Friday, June 5, 2015

Next Up: The Atlanta Braves

Sweeping the Giants at AT&T Park...didn't see that coming. Going into the series, as I noted, the Giants had the best record in the National League over the prior 30 games. Now, the team with the best record in the National League over the prior 30 games is...the Pittsburgh Pirates.

How Are They Doing Lately? Over the past 30 days, there have been four pretty good teams in the National League: the Pirates (17-10), Nationals (16-10), Cardinals, and Giants (both 16-12). There have been four pretty bad teams: the Marlins (9-18), Brewers (10-17, Reds (10-16), and Phillies (11-16). Everybody else is between 13-15 and 15-12. That includes the Braves, 13-13. They've scored 4.1 runs per game, seventh in the league. They've given up 4.3, which is ninth. They're pretty much .500 at everything.

What's Going Right? The offense hasn't been anything special, but over the past 30 days, the Braves have the been the fifth-toughest team to fan, they're tied for fifth with 17 stolen bases, and they've succeeded in 77% of their stolen base attempts, the second-best percentage in the league. The starters' 3.83 ERA is the fifth best in the league over the past 30 days.

What's Going Wrong? The bullpen's got a 5.45 ERA over the past 30 days, easily the worst in the league. The starters have gotten only the eighth-most strikeouts while allowing the fourth-most walks, suggesting that their recent success may not last. The problem on offense has been power: the Braves have 12 homers over the past 30 days, last in the National League, and they and the Padres (17) are the only teams with fewer than 22 homers. 

Who's Hot? Freddie Freeman's bat has carried the offense over the past 30 days: .297/.360/.515 slash line, leading the club in homers (5) and RBI (19). Nick Markakis leads the team in batting average (.320) and on base percentage (.398) and is second in slugging percentage (.430), a function of his team-leading 21 singles and 11 doubles. Shortstop Andrelton Simmons, as usual, provides highlights-reel defense. Starters Shelby Miller, Alex Wood, and Williams Perez have combined for a 5-1 record and 1.80 ERA with two home runs allowed over the past 30 days. The team's two primary setup relievers, Jim Johnson and Luis Avilan, have ERAs of 2.38 and 0.93, respectively, over the past 30 days.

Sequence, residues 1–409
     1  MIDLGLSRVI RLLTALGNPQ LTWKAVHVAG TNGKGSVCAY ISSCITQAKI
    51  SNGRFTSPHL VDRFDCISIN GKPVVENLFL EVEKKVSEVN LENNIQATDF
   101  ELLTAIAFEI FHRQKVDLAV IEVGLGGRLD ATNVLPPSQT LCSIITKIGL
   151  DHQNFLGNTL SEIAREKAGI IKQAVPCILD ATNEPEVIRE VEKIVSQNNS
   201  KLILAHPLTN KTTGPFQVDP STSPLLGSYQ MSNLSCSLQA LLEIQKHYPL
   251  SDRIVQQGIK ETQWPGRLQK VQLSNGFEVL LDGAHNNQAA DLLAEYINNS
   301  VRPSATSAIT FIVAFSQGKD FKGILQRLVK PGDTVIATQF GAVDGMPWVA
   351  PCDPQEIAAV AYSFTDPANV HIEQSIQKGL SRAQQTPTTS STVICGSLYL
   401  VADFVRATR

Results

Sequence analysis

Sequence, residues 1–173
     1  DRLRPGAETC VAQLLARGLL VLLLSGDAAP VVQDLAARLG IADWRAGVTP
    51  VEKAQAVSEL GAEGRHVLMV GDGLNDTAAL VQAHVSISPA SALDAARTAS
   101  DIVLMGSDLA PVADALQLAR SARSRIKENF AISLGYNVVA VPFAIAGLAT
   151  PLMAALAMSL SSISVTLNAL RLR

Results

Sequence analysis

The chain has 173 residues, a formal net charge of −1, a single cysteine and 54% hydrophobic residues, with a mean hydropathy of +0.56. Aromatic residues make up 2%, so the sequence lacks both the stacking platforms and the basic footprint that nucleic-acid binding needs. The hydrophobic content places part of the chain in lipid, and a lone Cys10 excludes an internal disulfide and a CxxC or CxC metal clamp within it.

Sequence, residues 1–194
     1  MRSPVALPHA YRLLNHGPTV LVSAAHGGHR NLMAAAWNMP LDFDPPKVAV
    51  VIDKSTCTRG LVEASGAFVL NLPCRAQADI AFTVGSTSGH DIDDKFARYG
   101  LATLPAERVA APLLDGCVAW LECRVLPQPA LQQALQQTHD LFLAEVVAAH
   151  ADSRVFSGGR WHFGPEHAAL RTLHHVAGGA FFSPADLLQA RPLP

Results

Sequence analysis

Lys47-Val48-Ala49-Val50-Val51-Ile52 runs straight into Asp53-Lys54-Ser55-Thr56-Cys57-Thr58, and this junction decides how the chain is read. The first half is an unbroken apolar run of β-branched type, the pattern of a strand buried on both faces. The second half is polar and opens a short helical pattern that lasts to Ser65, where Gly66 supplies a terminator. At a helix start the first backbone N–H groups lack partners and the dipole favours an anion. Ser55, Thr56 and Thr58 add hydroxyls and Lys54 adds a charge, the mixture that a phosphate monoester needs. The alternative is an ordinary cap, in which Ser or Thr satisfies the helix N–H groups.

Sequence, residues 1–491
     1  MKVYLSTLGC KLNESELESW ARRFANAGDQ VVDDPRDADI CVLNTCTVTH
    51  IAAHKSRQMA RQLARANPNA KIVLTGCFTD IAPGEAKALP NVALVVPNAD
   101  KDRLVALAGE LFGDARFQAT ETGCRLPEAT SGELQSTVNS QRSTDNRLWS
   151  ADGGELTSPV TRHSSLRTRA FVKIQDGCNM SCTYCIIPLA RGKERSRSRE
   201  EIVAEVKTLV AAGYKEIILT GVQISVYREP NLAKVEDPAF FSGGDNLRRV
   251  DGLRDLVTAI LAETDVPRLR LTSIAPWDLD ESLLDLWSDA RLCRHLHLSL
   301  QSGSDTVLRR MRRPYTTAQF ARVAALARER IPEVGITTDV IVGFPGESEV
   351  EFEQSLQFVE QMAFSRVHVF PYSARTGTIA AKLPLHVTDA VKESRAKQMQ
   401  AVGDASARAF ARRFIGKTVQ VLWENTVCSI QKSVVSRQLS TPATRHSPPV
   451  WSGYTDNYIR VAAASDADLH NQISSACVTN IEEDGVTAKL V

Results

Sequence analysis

Who's Not? Catchers A.J. Pierzynski and Christian Bethancourt have matching .182 batting averages over the past 30 days. Left fielder Jonny Gomes has a .208/.235/.271 slash line. Alberto Callaspo and his .150/.255/.150 slash line held down third for much of the past 30 days, but he's been traded, with Juan Uribe and Chris Johnson taking over. The starters not named Miller, Perez, or Wood have a 5.87 ERA over the past 30 days.

The facile explanation of the bullpen's struggles is the departure, via a season-opening trade, of closer Craig Kimbrel to San Diego. The Braves' new closer, former Pirate Jason Grilli, hasn't dominated over the past 30 days--4.32 ERA, 4.3 walks per nine innings, .417 batting average on balls in play--but he's 7-for-7 in saves. Kimbrel's been unremarkable over the same period: 3.86 ERA, 3.9 walks per nine, .409 batting average on balls in play, 4-for-5 in saves. So the problem's not Kimbrel's absence. Rather, it's been the bullpen other than Grilli, Johnson, and Avilan: the other Braves relievers have combined for a 7.85 ERA.

What's the Outlook? The Pirates draw two of the Braves' hot starters, Perez and Wood, followed by the inconsistent Julio Teheran (1.08 ERA in his four wins, 7.50 ERA in his two losses and five no-decisions). I wasn't expecting a sweep in San Francisco, and I'm not expecting one in Atlanta, either. The key, it seems to me, will be getting to the Braves' starters early in order to get to the weak middle of the Atlanta bullpen.

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